not advisable for anything going to print, but you can make it understandble if you jack with the levels...


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Last edited by DISCOPOPE; 10-28-2003 at 11:55 AM.
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Old 10-28-2003, 02:58 PM   #7
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Turn off the flash. Use tripod or something steady. Use long exposure. Shoot the picture. Look at it. Adjust exposure compensation. Shoot again. Repeat until the picture looks right to you.

Chieh
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Old 10-31-2003, 12:08 AM   #8
STIRS
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Thanks for the tips guys, I tried to go take some pics at the meet tonight and some turned out good but I dont get why I got some "streaks" on some pics, like this one. Anyways tomorow Im going to wash up the car and go out with a tripod and the cam to get some really good pics, any tips for pics in the day? Thanks, heres what Im talking about btw.

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Old 10-31-2003, 11:57 AM   #9
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its called blooming.

it happens.

only way to get rid of it is to have a greater ammount of very diffused light.
also having the lite source a distance away from the camera helps... it's sort of like red eye, your reflecting back at the camera and the individual pixles on the chip pass along extra light to it's neighboring pixles... and they pass it on and then it gets passed on again... like pouring a bathtub's worth of water onto a floor covered with dixie cups...
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Old 11-01-2003, 12:39 AM   #10
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For night stuff like that I like to use a Tripod and no flash... If need be I like to use a 5-10 Exp. But you can't touch the camera otherwise the picture will come out blured.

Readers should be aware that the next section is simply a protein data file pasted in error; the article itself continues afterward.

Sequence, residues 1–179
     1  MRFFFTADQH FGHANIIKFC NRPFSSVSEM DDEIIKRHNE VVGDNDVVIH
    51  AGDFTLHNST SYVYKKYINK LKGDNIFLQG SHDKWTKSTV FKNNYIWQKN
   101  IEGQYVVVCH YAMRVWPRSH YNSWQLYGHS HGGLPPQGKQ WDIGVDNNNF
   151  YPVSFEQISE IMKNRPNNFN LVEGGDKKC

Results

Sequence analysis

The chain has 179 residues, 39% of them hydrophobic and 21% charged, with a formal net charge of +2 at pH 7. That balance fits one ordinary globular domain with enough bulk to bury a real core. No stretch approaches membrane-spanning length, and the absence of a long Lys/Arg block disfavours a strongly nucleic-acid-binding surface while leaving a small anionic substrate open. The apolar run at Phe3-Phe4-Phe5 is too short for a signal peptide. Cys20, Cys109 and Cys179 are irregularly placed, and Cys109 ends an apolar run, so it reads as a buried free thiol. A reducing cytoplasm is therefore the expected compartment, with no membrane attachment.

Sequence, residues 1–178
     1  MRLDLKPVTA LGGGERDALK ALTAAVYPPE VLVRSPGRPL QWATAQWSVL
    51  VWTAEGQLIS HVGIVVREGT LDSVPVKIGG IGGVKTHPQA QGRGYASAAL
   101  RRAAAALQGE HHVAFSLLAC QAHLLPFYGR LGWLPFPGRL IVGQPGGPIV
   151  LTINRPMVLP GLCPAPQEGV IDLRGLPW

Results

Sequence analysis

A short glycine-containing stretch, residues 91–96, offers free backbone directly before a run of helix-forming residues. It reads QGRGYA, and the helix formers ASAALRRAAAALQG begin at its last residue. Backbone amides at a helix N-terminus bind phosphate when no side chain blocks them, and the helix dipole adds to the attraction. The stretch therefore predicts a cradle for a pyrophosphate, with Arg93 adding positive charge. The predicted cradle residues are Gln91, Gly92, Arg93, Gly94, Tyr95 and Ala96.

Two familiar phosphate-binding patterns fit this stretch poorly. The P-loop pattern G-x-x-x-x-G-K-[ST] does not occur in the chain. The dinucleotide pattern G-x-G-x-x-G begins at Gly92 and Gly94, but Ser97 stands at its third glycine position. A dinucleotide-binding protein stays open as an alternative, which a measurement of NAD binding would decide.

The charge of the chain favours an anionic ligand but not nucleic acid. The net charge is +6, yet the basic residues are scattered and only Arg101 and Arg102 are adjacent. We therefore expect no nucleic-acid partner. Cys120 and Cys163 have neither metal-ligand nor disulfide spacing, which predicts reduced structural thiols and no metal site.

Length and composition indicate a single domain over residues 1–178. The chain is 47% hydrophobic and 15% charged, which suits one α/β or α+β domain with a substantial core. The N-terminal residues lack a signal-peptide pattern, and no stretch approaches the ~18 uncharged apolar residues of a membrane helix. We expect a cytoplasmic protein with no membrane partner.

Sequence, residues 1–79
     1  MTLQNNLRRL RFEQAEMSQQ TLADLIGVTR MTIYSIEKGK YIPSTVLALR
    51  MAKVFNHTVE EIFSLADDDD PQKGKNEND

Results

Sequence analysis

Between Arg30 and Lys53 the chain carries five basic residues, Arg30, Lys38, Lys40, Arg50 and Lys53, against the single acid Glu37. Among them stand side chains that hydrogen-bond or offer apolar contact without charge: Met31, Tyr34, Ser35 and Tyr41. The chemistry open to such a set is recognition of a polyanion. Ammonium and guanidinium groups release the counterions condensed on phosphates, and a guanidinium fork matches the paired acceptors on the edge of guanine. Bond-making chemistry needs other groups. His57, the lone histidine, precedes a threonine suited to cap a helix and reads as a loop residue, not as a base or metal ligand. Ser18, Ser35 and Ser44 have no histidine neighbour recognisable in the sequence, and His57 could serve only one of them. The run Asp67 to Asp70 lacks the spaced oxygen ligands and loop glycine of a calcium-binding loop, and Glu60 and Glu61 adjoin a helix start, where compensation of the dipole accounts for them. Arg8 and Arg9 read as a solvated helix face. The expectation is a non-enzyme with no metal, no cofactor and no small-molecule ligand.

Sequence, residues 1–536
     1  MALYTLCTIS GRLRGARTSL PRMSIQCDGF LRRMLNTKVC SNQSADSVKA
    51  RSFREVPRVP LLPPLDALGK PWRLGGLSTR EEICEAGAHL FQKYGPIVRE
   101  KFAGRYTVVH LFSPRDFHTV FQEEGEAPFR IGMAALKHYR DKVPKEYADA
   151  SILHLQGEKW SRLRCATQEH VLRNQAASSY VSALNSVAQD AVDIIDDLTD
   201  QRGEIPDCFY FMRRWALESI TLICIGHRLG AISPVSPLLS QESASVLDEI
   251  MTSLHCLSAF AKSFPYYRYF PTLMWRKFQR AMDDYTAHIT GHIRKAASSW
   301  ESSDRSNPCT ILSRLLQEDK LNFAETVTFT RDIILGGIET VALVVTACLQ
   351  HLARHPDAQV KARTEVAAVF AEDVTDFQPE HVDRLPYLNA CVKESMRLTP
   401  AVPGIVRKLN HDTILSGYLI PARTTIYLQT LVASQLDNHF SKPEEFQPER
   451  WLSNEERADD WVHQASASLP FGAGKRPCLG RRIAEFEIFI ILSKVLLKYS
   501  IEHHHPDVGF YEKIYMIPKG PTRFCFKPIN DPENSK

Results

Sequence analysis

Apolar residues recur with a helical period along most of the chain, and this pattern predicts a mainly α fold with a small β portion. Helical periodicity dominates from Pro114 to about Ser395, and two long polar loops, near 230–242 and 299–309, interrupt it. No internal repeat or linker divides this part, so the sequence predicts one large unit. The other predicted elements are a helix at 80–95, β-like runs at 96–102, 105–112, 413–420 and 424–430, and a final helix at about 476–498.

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Old 11-01-2003, 02:17 AM   #11
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basically try to avoid very high contrast situations, i.e. 2pm in the afternoon, when most people take pictures of their car. its hard to see the color of the car, and it makes seeing detail even harder.

the tripod idea is a good one, especially in low light.

but in general, make sure the lighting looks good to your eye, before you take a picture of it. you can't expect the camera to make an otherwise bland scene exciting and dramatic.

almost any camera can take fantastic pictures if you know what to take a picture of. just practice
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Old 11-01-2003, 11:00 PM   #12
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Quote:
Originally posted by loreley
the tripod idea is a good one, especially in low light.
Or a camera / lens with Image Stabilisation (I have the Olympus C2100). I.S. is great for low light situations.
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Old 11-02-2003, 10:26 PM   #13
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Quote:
Originally posted by STIRS
Thanks for the tips guys, I tried to go take some pics at the meet tonight and some turned out good but I dont get why I got some "streaks" on some pics, like this one. Anyways tomorow Im going to wash up the car and go out with a tripod and the cam to get some really good pics, any tips for pics in the day? Thanks, heres what Im talking about btw.